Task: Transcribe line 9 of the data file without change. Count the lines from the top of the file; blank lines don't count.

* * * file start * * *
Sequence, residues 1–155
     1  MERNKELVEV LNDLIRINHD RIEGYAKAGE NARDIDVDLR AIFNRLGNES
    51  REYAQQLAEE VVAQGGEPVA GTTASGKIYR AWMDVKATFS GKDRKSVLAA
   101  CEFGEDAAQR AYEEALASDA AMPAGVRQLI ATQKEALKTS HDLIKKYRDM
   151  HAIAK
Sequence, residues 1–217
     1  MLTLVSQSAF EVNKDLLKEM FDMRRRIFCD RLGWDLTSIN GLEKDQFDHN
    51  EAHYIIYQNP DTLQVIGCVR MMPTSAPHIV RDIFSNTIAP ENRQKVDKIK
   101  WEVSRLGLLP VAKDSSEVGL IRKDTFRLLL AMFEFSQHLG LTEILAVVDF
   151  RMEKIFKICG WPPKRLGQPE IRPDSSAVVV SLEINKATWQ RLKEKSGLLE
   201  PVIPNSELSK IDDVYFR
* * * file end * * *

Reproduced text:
   101  WEVSRLGLLP VAKDSSEVGL IRKDTFRLLL AMFEFSQHLG LTEILAVVDF